I tested the connection of the yellow wire to the motor and the connection is ok, just like the other wires. It’s not loose or appears to be broken from the outside.

Are there any more tests that I can do?

Can we salvage this motor?

Cheers, Peter


Good deduction Peter.
It would appear that the orange wire is the common. If it were not there would have only been 1 reading of 78Ω.
It also appears there is something wrong with the yellow connection. What I don’t understand is how it reads a short circuit to everything (0.0Ω). If that were the case everything would read 0.0Ω.
If it were open circuit I could understand these figures.
I wonder if you are interpreting the readings correctly. Do you mean 0.0Ω ie; a short circuit, or 0.0 no connection.
You could do one more thing for us. Tell us EXACTLY what the meter reads with the 2 leads joined together and EXACTLY what it reads when apart ie; not touching anything.Thanks.
Cheers Bob


Apologies for the confusion on my part Bob.

What I meant to say that there was no reading on the machine at all.

I just thought that I’d let you know that it was a zero reading🤷‍♂️

Images attached

By the way, I have already purchased one of your stepper motors SKU: ADA58

I should be receiving it one day next week.


That explains it. That means infinity or open circuit. To be accurate it means a resistance beyond the meter range. I don’t know what that is for that meter.
Well that means we have an open circuit coil which is on the yellow wire. probably not very easily repairable if at all. See what happens with the one you get. The wire colours will probably be different. I had a bit of a browse and there does not seem to be any standard or reasoning behind various colour schemes.
You will at least be able to identify the common using the method above.
Cheers Bob


Hi Peter.
Not one of MY stepper motors.
Apart from purchasing a few bits I have no commercial affiliation with CoreElectronics at all.
Participating in this forum keeps the old grey matter active and can be interesting, that’s all.
Cheers Bob


Hi Bob and Team

I’ve received the motor from Core ADA858.

I’ve taken the readings and assumed that Red is the common. And I think the readings confirm that it is…Am I correct?

I’ve noticed that the ohms readings on the old motor are approx 3.5 times larger than the new motor… will this be a problem?

Also the female pin on the new motor doesn’t fit the male casing on the circuit board.

The measurements are:

Circuit board casing is 12mm w, from plastic edges. Dis from centre of 1st pin to 5th pin is 8mm. The female plastic on wire tips (yellow)on current motor is 11mm w.

New motor. Width of plastic on wire is 13mm.

Not sure what to do now???

I’ve attached the images.

Thanks Pete

Uploading: 20210201_113139.jpg…

Hi Peter
Congratulations, you have just successfully carried out your first exercise with your new multimeter.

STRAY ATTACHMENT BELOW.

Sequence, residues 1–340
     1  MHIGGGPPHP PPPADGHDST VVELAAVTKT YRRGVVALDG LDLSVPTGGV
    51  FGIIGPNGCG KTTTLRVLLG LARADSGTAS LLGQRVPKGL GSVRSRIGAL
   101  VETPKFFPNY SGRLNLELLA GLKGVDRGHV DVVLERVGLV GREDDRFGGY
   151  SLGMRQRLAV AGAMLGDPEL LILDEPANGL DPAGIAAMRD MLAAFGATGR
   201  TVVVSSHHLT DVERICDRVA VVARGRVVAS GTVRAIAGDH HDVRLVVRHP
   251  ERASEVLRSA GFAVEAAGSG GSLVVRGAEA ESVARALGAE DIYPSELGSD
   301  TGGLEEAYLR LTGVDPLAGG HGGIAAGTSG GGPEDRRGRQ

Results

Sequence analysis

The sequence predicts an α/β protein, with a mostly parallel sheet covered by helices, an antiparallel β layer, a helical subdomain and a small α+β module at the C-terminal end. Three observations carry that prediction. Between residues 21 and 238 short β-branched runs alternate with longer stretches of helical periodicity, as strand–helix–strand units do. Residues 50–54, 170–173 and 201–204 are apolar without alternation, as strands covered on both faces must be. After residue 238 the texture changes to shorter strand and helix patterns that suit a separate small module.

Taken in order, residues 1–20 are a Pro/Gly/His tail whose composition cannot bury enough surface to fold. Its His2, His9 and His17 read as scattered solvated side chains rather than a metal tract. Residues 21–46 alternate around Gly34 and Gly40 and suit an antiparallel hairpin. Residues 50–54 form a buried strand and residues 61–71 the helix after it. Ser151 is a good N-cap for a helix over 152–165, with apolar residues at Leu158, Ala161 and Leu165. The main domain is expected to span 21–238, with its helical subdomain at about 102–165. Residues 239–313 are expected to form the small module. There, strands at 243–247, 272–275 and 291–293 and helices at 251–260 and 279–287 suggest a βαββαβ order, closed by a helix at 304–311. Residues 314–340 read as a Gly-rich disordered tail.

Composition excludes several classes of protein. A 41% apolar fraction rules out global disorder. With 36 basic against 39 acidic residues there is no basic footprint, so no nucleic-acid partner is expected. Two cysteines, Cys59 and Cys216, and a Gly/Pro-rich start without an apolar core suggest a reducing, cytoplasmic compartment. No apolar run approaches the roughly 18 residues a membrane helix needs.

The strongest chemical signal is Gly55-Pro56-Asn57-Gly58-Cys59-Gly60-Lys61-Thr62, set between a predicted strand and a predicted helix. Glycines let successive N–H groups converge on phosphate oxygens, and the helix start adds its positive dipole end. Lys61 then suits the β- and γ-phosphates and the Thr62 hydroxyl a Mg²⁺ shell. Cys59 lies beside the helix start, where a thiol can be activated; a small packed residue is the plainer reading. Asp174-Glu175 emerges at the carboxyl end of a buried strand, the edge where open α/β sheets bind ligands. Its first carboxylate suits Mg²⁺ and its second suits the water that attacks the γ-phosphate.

I would have thought you would have been supplied with a wiring colour scheme with the new motor. Very slack if it wasn’t provided.
Googled that part number, lots of info.
You are right, Red is common. Orange is coil 1, Pink coil 2, these are 1st pair. Yellow is coil 3, Blue is coil 4, these are 2nd pair.

Yes the resistance reading could make a huge difference. It basically means the new motor could require 3.5 times the current than the old one. The driver circuitry may not have enough “grunt” to drive it.

Connector: There are several different pin pitches with this type of plastic connectors.
You will have to measure accurately.
One is 2mm which you have previously measured on your existing connector. I am assuming this was an accurate measurement.
One other is 2.54mm which it seems you may have on your new motor.
It is possible the actual pins are the same. You are the only one who can verify this.
The pins (female in fact) are removable. Through the hole in the side you should see a tiny spring clip which pops out when the pin is inserted and prevents it from coming out.Using a very small screw driver press this clip in and withdraw it by gently pulling on the wire while holding the clip in. Not too hard with practise but at first you may find it awkward.
If they are the same you should be able to fit the new pins into the old connector.

Identifying coils in old motor. This is the next problem and short of dismantling the old motor i don’t have a solution. They are effectively connected together because the centre taps are connected. You at least need to identify the pairs of coils. Only one actually as the 2nd pair will be the other 2 wires.

As long as the common is correctly identified I think there is a logical way of doing this and getting the new motor connections correct.


Peter be aware that because of the lower resistance the original driver may not have the capability to drive this motor properly. The other problem of course is the shaft RPM has to be the same as the original. This is a direct relationship between the gear box ratio and the number of steps per revolution. as long as it all finishes up the same all good.